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How to Cope with Heat in your Data Center

We frequently receive inquiries from people experiencing cooling problems in their data centers. Some have real challenges, often related to blade technology or other high density applications, which cannot be solved without moving to a more suitable environment, but most of your cooling problems can be addressed through less drastic means. Some are quite simple, inexpensive, and easy to implement.

While every data center is different, many of the cooling problems we find can be addressed using the following measures. They are listed in order of their ease in implementing: start with the first ones and work your way down the list until you have the problem under control. (Most, but not all of these tips apply to data centers with raised floors. Correcting problems when there is no raised floor is more dependent on a variety of factors that are difficult to predict without more information.)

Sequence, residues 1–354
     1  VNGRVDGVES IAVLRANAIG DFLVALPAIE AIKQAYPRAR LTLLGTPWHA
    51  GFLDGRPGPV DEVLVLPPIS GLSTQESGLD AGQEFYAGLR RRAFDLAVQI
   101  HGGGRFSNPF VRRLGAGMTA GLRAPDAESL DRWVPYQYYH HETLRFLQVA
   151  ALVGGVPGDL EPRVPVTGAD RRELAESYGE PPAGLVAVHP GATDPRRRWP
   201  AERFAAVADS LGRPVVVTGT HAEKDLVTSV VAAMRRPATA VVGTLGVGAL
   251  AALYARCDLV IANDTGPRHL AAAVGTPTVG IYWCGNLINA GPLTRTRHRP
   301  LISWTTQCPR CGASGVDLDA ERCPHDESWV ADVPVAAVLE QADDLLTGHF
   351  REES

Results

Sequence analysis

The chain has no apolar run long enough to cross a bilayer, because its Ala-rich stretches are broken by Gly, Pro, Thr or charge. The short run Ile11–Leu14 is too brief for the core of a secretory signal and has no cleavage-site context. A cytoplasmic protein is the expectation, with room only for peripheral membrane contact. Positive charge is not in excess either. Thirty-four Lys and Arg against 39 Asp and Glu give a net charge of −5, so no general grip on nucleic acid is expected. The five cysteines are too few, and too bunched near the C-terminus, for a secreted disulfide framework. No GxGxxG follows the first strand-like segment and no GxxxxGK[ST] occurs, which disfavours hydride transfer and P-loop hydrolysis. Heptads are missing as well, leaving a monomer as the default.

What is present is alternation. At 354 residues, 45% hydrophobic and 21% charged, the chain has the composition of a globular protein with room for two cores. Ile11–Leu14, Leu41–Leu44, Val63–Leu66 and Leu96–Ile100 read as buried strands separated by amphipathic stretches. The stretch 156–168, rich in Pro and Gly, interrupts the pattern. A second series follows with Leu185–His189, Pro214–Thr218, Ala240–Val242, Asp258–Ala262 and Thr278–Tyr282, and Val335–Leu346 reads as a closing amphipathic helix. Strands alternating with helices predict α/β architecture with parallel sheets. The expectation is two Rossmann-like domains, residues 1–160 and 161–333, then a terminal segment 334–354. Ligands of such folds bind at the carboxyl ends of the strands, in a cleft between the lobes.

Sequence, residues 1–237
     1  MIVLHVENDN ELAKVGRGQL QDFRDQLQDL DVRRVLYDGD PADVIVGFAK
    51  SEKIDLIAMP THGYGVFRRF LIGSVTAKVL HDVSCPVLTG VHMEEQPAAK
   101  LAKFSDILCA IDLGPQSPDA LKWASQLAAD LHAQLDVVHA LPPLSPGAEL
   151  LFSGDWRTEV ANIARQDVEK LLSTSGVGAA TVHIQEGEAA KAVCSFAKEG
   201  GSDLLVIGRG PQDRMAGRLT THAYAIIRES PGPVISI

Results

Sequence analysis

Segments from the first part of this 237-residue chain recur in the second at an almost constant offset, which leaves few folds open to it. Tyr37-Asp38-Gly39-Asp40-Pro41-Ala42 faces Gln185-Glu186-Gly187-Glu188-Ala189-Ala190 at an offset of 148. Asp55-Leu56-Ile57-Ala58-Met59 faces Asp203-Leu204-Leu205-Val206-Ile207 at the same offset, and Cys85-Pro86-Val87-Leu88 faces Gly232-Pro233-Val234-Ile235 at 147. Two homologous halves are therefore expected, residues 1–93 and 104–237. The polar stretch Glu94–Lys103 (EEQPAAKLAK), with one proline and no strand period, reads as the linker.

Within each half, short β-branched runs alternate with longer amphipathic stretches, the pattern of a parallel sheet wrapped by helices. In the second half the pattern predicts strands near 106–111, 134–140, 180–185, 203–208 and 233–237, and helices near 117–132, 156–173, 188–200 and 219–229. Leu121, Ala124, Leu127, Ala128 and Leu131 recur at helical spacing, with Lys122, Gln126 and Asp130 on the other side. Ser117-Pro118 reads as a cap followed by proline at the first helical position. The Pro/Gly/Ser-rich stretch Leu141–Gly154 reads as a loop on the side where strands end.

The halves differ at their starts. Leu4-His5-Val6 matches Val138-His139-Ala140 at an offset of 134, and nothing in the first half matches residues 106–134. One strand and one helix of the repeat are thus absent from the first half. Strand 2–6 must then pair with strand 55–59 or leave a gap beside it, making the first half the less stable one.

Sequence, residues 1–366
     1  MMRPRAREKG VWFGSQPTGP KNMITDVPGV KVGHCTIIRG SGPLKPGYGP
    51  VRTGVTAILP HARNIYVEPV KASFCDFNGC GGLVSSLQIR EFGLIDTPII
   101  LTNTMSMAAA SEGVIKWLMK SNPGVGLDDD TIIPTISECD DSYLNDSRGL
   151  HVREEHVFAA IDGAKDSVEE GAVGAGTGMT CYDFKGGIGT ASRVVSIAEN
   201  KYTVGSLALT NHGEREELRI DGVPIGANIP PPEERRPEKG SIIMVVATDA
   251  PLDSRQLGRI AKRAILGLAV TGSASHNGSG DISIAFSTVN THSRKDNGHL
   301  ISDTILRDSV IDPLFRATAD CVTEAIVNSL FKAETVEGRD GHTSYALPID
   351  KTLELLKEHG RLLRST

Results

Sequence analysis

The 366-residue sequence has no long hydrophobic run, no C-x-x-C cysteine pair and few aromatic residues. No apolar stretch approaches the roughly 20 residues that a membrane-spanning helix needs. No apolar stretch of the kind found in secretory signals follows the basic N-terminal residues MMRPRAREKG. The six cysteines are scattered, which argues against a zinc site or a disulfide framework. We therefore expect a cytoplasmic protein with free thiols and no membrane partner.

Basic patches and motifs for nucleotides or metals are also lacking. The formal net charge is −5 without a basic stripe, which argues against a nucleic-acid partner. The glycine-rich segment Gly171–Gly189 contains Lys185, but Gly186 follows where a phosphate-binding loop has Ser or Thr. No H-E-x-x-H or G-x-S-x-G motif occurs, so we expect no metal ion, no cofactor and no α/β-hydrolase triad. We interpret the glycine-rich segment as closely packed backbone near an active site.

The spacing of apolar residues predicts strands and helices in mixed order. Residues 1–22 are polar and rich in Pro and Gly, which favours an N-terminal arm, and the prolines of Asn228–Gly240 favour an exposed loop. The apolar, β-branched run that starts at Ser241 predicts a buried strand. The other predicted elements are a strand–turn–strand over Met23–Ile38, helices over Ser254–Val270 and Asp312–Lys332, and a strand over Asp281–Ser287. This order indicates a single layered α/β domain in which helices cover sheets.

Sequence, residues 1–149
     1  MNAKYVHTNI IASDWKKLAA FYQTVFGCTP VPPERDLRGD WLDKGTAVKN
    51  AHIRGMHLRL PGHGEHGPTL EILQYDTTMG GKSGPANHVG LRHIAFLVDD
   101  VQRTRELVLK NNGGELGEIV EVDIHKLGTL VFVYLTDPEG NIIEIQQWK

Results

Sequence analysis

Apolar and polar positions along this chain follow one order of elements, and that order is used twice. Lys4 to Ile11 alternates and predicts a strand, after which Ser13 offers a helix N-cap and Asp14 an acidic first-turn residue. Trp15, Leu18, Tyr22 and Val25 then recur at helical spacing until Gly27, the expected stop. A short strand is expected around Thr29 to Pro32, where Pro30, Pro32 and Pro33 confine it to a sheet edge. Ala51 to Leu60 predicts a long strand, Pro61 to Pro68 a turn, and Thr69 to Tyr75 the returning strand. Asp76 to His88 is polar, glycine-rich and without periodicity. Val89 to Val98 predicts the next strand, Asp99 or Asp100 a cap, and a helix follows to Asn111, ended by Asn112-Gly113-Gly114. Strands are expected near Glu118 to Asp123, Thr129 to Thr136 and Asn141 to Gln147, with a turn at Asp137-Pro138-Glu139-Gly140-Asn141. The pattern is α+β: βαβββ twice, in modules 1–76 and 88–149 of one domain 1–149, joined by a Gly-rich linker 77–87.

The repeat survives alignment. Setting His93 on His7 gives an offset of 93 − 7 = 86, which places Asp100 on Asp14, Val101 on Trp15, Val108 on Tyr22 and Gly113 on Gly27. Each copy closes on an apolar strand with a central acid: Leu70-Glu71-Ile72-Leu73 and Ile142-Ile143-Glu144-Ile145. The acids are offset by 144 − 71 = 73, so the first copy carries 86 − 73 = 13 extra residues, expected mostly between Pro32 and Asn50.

1. Remove solid doors from your network cabinets. Almost all computer equipment is designed with a front to rear airflow system, using integral fans to cool the internal components. If the cool air can’t get to the front of the server or out of the rear of the cabinet, the equipment will be starved for air. If you need doors for security, use perforated doors that allow air to pass.
  2. Install blank-off panels in any empty rack spaces between servers, and along the sides of the cabinets (inside) to prevent air recirculation within the rack. Even after solid doors have been removed or replaced with perforated doors, you may still have recirculation occurring above, below, or around the servers. Air takes the path of least resistance, and the perforated doors can provide more resistance than the open space around the equipment. Server and cabinet manufacturers sell panels for this purpose, or they may be fabricated from suitable materials by the enterprising person with available time.